"I'll just simply say that as a guy raised by a black woman in abject poverty, I am thankful to be here as a United States Senator," Scott responded to Yellen's attempted defense of her earlier statement that only made her position worse.
If we want to talk about the economic stability of our country—let’s talk about lowering inflation and providing positive economic opportunities for single moms and low-income families like the one I grew up in. pic.twitter.com/xqP6eFLqre— Tim Scott (@SenatorTimScott) May 10, 2022
Senator Cortez-Masto then pushed back on Senator Scott, scolding him for supposedly trying to "impose your experience and your circumstances on others [before] you walk in their shoes," a gross attack aimed presumably at marginalizing his experience, the sort of thing the left touts endlessly when it's a "shout your abortion" narrative and not a story of success, as Senator Scott's is, in spite of odds stacked against him.
Instead of going straight into his closing statement, Ranking Member Pat Toomey (R-PA) yielded his time to Senator Scott to have the last word and again address what Secretary Yellen and his Democrat colleagues had said about abortion and his own experience.
"I know that Senator Cortez-Masto said 'why should I impose my circumstances on others.' Well, I think because my circumstance is somewhat like so many others," he explained. "Millions and millions of kids being raised in poverty by single parent households who happen to be black — telling black teenage moms that there's only one alternative for them — is a depressing and challenging message," Scott said.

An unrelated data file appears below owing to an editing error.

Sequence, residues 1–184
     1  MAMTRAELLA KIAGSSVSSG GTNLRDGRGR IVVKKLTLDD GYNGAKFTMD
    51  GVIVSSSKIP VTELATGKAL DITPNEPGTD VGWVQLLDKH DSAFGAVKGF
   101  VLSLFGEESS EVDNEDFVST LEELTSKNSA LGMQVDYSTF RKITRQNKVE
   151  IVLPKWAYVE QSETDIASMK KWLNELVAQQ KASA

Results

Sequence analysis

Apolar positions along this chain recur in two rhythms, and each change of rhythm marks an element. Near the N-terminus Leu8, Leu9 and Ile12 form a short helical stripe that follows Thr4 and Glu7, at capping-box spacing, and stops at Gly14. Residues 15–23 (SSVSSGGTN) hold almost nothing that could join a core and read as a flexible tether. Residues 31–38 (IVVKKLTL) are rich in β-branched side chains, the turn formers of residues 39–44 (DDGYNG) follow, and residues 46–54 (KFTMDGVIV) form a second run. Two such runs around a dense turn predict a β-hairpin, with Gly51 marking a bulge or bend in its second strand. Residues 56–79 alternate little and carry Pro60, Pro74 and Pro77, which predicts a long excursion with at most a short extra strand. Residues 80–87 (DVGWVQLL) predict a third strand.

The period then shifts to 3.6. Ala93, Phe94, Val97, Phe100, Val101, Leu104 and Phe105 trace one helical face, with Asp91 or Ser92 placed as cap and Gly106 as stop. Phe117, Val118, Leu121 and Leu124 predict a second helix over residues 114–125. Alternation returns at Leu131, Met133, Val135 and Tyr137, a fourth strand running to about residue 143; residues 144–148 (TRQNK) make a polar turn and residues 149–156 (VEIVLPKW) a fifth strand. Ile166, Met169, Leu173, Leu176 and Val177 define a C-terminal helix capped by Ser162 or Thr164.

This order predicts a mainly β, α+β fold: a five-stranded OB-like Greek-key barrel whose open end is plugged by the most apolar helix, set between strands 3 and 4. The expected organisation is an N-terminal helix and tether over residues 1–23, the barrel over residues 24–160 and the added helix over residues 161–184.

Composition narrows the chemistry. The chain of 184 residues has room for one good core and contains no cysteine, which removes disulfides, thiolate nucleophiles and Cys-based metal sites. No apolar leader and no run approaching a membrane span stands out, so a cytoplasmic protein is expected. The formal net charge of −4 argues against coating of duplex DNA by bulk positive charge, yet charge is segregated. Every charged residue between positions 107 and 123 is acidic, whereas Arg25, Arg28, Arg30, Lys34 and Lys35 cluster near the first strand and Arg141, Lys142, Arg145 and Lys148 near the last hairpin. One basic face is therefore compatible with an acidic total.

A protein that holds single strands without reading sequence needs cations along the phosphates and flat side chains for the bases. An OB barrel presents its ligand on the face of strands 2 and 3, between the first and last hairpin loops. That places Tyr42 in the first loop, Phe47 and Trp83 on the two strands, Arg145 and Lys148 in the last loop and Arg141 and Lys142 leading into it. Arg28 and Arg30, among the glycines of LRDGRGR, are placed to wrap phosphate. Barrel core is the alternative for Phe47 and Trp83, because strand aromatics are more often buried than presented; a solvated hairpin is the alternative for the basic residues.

"So, sitting through and listening to so many folks stereotype the necessity of making a life-altering decision as if it's 'the' option, to me, is not right," Scott continued. "And I understand that this issue, the issue of abortion, is a difficult issue — but let's remember that the rate of abortion for teenage moms is at the lowest we've seen ever. New York Times says it's under ten percent," Scott noted. "And so what I'm talking about is the importance of understanding the reality that even during tough financial times in households like the one I was raised, there is still hope."
"There is still hope, because we've seen the consequences of good policies and unfortunately we've had to experience the consequences of bad policies," Scott reminded. "You're talking about the challenges in many of the minority communities around this country. We've seen in the last couple years a 44 percent increase in homicides around this nation — 85 percent of that increase have been African Americans and Hispanics being killed — that impacts the labor force participation rate without any question, and it does so negatively," Scott highlighted, turning Yellen's point around on her. "I think about the reasons we should be hopeful and send a message of optimism and opportunity to single moms around this country challenged with too much month at the end of the money," Scott said.
The American Dream is one of hope and opportunity. We should be having conversations about economic policies that ensure everyone—including single moms and their kids—have access to that dream. Sec. Yellen's comments today don't meet that mark. pic.twitter.com/DqumCuggHs— Tim Scott (@SenatorTimScott) May 10, 2022